5-Hydroxy-3-hydroxymethyl-γ-pyrone                   20 gVinylidene chloride resin                    5 gEthyleneglycol           10 gEthyl acetate            15 mlButanol                 balanceTotal                     1 liter
Example 8

A dark brown-color-forming ink-like composition of the following recipe:

Bromoresorcinol         25 gPolyamide resin          5 gThiourea                 5 gEthyl acetate            15 mlPropanol                balanceTotal                   100 ml
Example 9

A brown-color-forming ink-like composition of the following recipe:

m-Aminophenol           25 gStyrene-maleic acid copolymer resin                    5 gGlycerine               10 gSodium sulfide           3 gMethanol                balanceTotal                   100 ml
Example 10

A bluish-violet-color-forming ink-like composition of the following recipe:

1,7-Dihydroxynaphthalene                   20 gAcetyl cellulose         5 gEthyleneglycol          10 gThiourea                 5 gAcetone                  25 mlMethanol                balanceTotal                   100 ml
Example 11

An orange-color-forming composition of the following recipe:

1-(3'-Chlorophenyl)-3-methyl-pyrazolone-(5)          25 gStyrene-acrylic acid copolymerresin                    5 gTartaric acid            5 gDiethyleneglycol        10 gAcetone                 30 gEthanol                 balanceTotal                   100 ml
EXAMPLE 12 Preparation of Red-Color-Forming Pasty Composition

The following ingredients

1-Phenyl-3-methylpyrazolone-(5)                   40 gLinseed oil-modified alkyd resin                    8 gLinolic acid            10 gCobalt naphthenate       5 gLinseed oil             balanceTotal                   100 ml

are pre-mixed under agitation, and they are uniformly blended and dissolved by treating them in a ball mill for 2 - 3 hours to obtain a red-color-forming pasty composition. The composition is directly used as a red-color-forming agent to be applied to a portion of an original preselected to be colored in red by means of a brush or a pen, or after it has been charged into a ball pen or the like, it is used as a material for treating a portion of an original preselected to be colored in red.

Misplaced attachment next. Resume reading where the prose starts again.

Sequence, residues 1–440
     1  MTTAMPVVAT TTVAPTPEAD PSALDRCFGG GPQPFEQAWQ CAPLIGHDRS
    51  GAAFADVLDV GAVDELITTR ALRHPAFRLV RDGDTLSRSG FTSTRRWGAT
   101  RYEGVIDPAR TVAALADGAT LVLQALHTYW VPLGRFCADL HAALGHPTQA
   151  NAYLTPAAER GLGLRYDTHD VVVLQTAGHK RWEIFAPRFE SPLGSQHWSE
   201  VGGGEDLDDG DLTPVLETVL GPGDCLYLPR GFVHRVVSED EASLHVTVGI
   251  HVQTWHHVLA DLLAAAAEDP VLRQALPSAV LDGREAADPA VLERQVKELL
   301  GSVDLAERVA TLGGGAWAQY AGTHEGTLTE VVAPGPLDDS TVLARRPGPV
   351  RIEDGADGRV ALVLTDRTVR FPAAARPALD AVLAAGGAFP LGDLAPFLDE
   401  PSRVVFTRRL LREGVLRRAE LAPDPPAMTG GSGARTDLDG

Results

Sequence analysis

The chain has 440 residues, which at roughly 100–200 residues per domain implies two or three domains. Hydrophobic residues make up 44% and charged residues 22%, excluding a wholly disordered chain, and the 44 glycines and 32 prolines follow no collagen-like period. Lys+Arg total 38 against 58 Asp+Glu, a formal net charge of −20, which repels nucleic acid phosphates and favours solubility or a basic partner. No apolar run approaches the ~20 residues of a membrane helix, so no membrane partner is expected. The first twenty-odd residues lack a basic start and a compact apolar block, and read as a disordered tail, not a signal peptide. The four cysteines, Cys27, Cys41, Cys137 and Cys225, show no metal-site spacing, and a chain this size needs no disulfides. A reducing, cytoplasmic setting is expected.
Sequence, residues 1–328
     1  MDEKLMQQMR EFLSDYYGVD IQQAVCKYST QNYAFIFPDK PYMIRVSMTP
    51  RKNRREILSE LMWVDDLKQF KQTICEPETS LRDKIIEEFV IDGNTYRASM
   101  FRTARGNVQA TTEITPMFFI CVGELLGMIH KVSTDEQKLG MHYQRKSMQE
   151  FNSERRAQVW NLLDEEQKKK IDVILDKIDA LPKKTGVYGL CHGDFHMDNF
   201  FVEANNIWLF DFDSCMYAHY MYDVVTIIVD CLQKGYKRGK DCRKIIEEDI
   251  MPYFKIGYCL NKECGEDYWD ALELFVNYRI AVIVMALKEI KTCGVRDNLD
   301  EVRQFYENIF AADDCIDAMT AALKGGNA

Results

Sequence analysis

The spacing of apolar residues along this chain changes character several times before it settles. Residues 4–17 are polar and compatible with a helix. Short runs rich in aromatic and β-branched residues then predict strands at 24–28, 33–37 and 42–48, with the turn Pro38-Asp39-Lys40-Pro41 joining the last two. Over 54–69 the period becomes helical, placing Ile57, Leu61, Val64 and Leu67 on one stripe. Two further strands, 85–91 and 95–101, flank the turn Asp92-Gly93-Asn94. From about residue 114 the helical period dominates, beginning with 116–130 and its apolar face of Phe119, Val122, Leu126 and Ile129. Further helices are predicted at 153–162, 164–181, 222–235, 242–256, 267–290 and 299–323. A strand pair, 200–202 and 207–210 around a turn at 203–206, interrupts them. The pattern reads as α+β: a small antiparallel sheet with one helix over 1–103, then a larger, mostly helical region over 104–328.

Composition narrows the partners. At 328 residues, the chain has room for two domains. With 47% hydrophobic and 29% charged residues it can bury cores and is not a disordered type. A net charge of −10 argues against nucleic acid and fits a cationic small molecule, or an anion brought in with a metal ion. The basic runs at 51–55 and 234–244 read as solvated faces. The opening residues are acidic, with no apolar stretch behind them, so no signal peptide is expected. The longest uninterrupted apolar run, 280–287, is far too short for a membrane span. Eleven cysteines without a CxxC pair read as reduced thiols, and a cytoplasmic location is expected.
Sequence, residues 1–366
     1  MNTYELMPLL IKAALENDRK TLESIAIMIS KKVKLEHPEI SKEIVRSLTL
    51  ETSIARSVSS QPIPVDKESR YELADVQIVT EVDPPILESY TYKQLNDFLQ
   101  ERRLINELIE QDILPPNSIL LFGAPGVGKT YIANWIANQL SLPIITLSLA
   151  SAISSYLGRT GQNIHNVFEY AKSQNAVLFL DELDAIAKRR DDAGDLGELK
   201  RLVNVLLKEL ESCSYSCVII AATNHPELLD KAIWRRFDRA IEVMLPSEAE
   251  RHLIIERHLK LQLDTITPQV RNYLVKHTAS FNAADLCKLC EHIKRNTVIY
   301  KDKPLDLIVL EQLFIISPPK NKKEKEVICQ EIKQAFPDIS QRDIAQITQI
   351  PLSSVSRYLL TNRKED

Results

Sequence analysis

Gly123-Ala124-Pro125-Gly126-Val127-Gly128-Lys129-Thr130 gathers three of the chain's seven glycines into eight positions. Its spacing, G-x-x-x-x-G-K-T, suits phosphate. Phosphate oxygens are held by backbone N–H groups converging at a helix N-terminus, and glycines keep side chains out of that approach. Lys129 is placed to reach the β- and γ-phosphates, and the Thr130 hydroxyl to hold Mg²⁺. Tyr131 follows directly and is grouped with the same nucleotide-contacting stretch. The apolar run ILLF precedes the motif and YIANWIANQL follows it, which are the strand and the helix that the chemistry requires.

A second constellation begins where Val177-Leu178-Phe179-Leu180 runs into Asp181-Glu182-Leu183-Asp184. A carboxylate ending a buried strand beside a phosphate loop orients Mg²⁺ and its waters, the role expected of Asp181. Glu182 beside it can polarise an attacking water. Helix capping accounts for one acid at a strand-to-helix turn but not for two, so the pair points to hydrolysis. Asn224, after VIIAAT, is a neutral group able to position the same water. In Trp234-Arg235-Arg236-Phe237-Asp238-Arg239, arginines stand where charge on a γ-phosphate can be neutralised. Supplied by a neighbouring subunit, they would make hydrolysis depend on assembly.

EXAMPLES 13 TO 20

Pasty agents to be used for treating a portion of an original preselected to be colored in different hues and ball pens charged with such agents are prepared in the same manner as in Example 12 by employing the following compositions instead of the composition of Example 12.

Example 13

A yellow-color-forming pasty composition of the following recipe

Acetoacetic acid anilide                   30 gOleic acid              10 gStearic acid            20 gPaulownia oil           balanceTotal                   100 ml
Example 14

A blue-color-forming pasty composition of the following recipe

2,3-Dihydroxynaphthalene                   30 gPolyvinyl acetal resin  10 gThiourea                 5 gEthanol                 10 mlOleic acid              10 gOil Blue (C.I. 74350)    1 gMineral oil             balanceTotal                   100 ml
Example 15

A yellowish brown-color-forming pasty composition of the following recipe